Tuna giant Thai Union says labour abuse report another wake up call

BANGKOK, Dec 14 (Reuters) - The world’s largest canned tuna maker Thai Union Group PCL said on Monday any migrant labour abuse in the seafood industry was unacceptable.

The statement came after the Associated Press reported that shrimp processed in plants using forced and child labour in Thailand was on the shelves in U.S. stores.

One of those plants allegedly supplied a subsidiary of Thai Union, AP reported.

Greenpeace called on the company and the Thai seafood sector to do more on the issue.

The news comes as Thailand faces pressure from the European Union to clean up in another problem area in the industry - illegal fishing - or face a trade ban.

“Any illegal or unethical labour practices are unacceptable to Thai Union,” the company’s Chief Executive Thiraphong Chansiri said in the statement. “This is yet another wake up call not only to us, but to the entire industry.”

Thai Union’s subsidiary Okeanus had terminated its relationship with a supplier it suspected of breaking its code of conduct, the company said in the statement.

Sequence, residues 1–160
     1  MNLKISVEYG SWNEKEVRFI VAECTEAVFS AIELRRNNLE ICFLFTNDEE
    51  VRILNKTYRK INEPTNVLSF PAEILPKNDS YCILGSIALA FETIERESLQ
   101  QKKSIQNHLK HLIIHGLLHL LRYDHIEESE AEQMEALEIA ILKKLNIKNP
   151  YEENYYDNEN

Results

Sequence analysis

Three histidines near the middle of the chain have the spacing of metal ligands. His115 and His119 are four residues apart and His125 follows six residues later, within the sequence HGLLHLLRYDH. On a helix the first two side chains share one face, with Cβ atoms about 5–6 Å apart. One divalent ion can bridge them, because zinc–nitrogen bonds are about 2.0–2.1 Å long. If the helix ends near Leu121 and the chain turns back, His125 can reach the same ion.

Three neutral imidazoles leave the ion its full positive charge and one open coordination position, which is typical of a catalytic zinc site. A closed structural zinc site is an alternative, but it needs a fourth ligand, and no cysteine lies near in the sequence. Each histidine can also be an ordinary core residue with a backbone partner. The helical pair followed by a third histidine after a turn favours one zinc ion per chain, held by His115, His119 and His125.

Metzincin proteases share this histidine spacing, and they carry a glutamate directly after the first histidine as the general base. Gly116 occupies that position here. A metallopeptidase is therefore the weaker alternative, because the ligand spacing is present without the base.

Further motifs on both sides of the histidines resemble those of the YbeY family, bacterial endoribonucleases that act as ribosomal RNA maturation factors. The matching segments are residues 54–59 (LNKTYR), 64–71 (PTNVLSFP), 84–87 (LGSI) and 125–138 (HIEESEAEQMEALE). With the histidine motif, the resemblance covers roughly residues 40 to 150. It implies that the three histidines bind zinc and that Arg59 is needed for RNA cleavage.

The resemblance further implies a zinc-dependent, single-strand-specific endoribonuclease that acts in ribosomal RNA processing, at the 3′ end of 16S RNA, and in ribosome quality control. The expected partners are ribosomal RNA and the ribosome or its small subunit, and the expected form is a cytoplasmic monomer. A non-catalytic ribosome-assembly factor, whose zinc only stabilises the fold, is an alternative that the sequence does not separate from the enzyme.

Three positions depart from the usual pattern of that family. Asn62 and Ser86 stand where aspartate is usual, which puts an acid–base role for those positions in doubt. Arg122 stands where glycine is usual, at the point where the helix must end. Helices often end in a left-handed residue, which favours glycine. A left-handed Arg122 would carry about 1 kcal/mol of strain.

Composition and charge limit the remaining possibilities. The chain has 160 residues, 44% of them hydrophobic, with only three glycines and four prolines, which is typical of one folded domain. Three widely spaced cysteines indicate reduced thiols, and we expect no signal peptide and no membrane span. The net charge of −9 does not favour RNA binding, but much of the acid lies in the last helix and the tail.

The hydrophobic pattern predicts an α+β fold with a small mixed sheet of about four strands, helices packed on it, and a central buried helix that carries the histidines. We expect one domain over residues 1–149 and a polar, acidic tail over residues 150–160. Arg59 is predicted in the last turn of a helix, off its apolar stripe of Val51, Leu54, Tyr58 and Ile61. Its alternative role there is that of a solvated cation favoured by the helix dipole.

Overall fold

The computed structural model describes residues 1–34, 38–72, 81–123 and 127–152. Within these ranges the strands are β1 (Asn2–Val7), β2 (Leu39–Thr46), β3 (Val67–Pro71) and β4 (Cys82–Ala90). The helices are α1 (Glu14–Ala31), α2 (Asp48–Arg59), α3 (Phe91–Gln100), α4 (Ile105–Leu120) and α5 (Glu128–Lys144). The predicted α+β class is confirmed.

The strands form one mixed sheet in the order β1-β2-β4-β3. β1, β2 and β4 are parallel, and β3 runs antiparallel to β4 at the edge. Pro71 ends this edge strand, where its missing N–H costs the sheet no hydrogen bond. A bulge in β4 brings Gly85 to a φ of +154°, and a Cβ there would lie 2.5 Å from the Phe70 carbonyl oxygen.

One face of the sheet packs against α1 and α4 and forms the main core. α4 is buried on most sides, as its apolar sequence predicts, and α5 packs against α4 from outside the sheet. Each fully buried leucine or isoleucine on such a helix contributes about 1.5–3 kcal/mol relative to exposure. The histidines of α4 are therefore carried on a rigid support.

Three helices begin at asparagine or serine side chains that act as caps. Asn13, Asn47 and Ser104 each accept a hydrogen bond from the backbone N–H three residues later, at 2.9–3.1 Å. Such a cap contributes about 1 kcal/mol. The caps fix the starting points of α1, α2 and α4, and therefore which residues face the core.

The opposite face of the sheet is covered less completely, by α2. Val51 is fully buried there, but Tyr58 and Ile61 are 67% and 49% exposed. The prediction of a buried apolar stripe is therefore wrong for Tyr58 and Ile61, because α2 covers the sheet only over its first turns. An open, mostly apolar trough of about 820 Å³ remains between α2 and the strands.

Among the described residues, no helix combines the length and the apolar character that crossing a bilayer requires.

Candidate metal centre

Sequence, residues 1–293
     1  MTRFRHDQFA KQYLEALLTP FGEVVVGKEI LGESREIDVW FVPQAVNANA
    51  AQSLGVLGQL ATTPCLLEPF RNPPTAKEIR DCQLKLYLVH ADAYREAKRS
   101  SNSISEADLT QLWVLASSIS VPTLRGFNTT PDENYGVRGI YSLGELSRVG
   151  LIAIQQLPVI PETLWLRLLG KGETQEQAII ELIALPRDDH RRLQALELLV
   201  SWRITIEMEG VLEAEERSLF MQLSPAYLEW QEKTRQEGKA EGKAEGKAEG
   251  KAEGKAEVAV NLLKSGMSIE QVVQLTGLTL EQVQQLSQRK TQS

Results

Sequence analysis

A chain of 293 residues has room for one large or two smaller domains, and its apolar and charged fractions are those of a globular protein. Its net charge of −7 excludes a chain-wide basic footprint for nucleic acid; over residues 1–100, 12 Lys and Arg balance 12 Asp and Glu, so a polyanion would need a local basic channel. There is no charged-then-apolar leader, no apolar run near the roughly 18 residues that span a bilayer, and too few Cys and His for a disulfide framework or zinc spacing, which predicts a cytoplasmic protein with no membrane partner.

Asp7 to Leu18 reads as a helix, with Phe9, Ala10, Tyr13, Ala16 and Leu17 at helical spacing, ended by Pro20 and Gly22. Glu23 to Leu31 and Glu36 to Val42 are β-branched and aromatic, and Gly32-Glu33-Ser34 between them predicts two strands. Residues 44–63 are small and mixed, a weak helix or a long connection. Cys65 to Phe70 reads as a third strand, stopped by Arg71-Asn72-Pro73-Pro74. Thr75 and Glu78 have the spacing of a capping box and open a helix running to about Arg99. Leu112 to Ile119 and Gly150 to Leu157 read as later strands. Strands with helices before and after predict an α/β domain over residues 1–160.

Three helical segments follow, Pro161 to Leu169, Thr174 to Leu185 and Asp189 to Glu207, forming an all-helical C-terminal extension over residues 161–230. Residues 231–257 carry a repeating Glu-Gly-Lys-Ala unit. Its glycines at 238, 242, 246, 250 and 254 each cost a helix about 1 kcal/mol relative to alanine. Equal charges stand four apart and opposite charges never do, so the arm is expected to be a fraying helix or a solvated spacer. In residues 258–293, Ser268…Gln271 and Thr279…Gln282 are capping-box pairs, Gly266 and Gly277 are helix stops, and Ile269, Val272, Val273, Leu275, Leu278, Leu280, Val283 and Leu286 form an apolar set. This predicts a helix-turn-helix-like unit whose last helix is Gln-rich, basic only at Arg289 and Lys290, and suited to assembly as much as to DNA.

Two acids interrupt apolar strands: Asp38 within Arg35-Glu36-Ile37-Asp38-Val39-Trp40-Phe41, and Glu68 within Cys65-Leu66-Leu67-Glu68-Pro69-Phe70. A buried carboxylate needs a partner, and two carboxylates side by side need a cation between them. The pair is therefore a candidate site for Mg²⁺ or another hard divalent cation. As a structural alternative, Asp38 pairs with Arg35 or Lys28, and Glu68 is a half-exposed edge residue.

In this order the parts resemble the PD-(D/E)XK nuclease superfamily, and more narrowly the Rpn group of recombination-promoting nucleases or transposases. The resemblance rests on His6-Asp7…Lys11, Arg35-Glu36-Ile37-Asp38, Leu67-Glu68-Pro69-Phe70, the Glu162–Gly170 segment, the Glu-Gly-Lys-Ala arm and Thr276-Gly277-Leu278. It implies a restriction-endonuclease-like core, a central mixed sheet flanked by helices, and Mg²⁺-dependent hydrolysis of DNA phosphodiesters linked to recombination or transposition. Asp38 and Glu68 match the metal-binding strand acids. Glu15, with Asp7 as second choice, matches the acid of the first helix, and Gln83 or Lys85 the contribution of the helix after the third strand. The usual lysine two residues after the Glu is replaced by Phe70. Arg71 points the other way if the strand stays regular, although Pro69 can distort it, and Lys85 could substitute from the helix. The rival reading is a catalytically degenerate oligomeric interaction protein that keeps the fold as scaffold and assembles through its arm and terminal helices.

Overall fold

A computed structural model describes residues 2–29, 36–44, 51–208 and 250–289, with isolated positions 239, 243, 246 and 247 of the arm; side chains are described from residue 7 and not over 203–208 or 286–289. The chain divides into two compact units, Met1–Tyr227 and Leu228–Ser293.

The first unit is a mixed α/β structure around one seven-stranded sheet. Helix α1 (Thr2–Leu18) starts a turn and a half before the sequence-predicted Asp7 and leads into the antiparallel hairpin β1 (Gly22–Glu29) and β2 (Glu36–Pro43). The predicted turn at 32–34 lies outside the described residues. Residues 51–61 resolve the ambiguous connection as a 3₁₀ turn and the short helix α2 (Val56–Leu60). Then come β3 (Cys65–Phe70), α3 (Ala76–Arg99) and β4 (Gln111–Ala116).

Thai Union, which counts Wal-Mart and Costco Wholesale Corp among buyers, said last week it had decided to stop working with external shrimp processing plants.

It would bring those operations in-house from Jan. 1, because it was difficult to guarantee external suppliers were following its rules, Thai Union said. The company would offer jobs to a thousand of the workers from those external processing plants.

Greenpeace called on the Thai Union to do more.

“The inaction by the entire industry and shiny PR moves are no longer acceptable,” Greenpeace U.S. Oceans Campaign Director John Hocevar said.

“It is time for Thai Union and its buyers to audit and clean up every single link in their seafood supply chains -- not just the one implicated in the latest of many investigations.”

Shares in Thai Union closed down 1.68 percent to 17.60 baht on Monday, underperforming a 1.04 percent drop of the main index .

Thailand, the world’s third-largest seafood exporter, was given six months by the European Union in April to address issues that had allowed fish caught illegally to enter the supply chain.

The U.S. State Department said in a report this year on human trafficking that some Thai and migrant workers were subjected to forced labour on Thai fishing boats. (Reporting by Khettiya Jittapong; Editing by Simon Webb and William Hardy)